# blueollie

## Same Planet, different worlds.

This was seen as “wow, that is cool”…

And these people who were “having fun” just completely disregarded those around them (note one of these people crashing into someone else who was finishing).

I see them as self-centered narcissists.

Also on the Steamboat thread: one of my Facebook friends whined, bellyached and complained about the streets being closed for the race (though cross trafic was permitted to pass in gaps). This wasn’t the first time.

Then from the Steamboat Training group: There were hurt feelings because the 15K finishers got a medal whereas the 4 mile runners did not. Seriously….the larger running races are becoming kindergarten.

Then there is this, from the Huckabee Facebook page:

Oh sure, the others died but one who survived said that he prayed. I suppose that the others didn’t?

And also from our Right Wing

Uh, no…these women aren’t the same.

I might live on the same planet as these people, but we live in very different worlds.

June 16, 2013

## The George H. W. Bush Library and Museum

Impressions: this is one of those museums that is probably more meant to “showcase the legacy of” than to “give a realistic picture as possible of”. I didn’t find anything dishonest in it and what was there WAS very interesting. But it didn’t tell the complete story.

As far as the early Bush years (childhood to World War II service): what was left out was the family wealth when he was growing up. His prep school days and Yale days certainly IMPLIED it but it was definitely underplayed.

The part about his missions as a pilot of a torpedo bomber (Grumman TBF Avenger) was very interesting, especially the part about his raid on the Japanese naval communications station, his getting shot down and rescued by a US Submarine (Finback).

There was some about his days as a US Representative and how he voted for an equal rights bill (in housing). There was also displays about his term as Ambassador to the United Nations

(blurry)

and his term as the Director of the CIA and his term as RNC chair.

Note: this is a miniature camera of the type that spies used; that was part of the display!

There was a display about his 8 years as Vice President:

Yes, they talked a lot about the Cold War and its end; this is a piece of the Berlin Wall.

What they did NOT talk about was a key moment in his 1980 Primary campaign when he called then Governor Reagan’s economic plan “Voodoo Economics”; which in fact, it was…and he was to get stuck with the aftermath when he became President number 41.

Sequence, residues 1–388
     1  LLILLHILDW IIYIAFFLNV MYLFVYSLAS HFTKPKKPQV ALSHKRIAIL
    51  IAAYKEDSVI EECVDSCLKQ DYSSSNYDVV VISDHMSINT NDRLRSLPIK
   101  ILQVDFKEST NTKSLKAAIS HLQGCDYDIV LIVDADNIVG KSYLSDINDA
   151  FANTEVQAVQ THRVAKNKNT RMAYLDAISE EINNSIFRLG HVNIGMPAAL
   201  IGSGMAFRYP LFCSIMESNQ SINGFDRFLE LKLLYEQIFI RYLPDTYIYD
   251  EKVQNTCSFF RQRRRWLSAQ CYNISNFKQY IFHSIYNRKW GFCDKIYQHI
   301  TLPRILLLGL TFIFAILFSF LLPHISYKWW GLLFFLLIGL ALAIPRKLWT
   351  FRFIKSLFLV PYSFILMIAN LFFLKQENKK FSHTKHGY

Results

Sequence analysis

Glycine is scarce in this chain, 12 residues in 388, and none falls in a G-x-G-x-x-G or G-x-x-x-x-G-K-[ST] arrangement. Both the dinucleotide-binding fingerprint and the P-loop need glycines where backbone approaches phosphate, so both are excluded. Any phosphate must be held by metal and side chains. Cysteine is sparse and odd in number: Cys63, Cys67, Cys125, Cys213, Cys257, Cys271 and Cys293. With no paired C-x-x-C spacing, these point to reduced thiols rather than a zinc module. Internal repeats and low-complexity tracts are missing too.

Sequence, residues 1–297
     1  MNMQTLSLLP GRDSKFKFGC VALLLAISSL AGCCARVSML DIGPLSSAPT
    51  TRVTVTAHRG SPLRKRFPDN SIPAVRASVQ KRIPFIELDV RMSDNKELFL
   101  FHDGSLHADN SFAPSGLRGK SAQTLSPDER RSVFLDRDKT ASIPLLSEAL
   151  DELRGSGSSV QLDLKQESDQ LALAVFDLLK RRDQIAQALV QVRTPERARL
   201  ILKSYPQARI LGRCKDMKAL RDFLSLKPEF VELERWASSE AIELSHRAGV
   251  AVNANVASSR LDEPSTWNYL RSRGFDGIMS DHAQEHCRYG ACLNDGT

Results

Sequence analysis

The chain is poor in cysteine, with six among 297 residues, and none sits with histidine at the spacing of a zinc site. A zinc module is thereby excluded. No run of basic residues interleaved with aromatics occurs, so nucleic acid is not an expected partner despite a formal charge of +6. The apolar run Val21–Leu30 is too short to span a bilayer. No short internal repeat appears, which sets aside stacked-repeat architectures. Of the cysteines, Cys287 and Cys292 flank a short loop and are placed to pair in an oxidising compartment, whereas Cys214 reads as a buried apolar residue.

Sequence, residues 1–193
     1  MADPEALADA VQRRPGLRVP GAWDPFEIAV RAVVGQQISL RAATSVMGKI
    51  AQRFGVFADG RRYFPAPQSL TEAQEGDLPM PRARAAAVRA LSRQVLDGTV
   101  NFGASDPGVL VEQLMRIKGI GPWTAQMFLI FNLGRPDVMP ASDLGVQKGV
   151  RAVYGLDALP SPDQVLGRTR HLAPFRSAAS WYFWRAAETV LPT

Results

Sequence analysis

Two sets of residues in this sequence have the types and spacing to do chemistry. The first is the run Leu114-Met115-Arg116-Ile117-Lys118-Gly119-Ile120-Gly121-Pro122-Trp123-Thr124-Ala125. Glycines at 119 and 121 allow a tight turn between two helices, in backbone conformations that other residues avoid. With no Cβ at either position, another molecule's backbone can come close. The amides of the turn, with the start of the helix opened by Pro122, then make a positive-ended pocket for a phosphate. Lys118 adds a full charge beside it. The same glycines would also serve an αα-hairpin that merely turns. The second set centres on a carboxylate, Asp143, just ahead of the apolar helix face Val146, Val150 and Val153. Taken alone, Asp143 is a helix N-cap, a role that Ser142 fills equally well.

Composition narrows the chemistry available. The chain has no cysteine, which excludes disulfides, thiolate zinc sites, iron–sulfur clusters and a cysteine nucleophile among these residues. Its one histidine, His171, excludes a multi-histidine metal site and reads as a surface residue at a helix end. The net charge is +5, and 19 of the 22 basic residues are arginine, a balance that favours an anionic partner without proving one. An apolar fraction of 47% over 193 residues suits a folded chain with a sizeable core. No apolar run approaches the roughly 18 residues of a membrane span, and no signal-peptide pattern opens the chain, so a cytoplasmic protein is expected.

They did talk about Desert Storm and they mentioned some of the things he did (e. g. ADA). And Desert Storm was very prominently featured:

They discussed why he went in. The actual brutality of the war was sanitized (ok, almost any museum would do that) but what was left out was the period when Saddam Hussein was “our” SOB.

I didn’t remember the emphasis on our stopping at Kuwait and not going into Iraq (which I agreed with).

They played his 1992 defeat as sort of being brought on by the media; they didn’t seem to emphasize WHY some might have found him “out of touch” in terms of economics.

Overall, it was a positive experience though; it was a nice reminder of a time when I saw Republicans as people that I disagreed with (sometimes) rather than as enemies that needed to be defeated.

ONE EXTRA
There was a bonus about cancer and genetic research. Though the genetic research part was designed for kids…well…let’s just say that I learned quite a bit! It was VERY well done; do NOT skip this part!

Other President Library Reports:
I have visited the Lyndon Johnson Library
The Bill Clinton library (my report)
The Harry Truman Library (my brief report)
The Herbert Hoover museum (my brief report and longer report)
The Lincoln Library and Museum (my report)

So there you go: 6 Presidential Libraries visited: 3 Democrats and 3 Republicans.

June 10, 2013

One thing I forgot about the Galesburg Half Marathon
After the race, I went to eat bagels and bananas. A lady in spandex shorts was in line in front of me. We talked…and kept the conversation going.

Eventually she asked “are you married?”

I said “no”…”uh….I was but she recently left me….for a hedge fund manager who drives a Maserati”

She said “oh, yeah, I can understand why but I like lost causes…do you want to do something?”

I thought: “Barbara is leaving for 3 weeks in July” so I said “sure…Lake Okoboji in July…a trip for two?”

She said: “sounds like fun!”

Now I have to update my Facebook status; I can’t remember if my blog posts still shows up on Facebook or not.

Update What I really forgot was to log out!!!!! Stupid Frog %\$#@!!!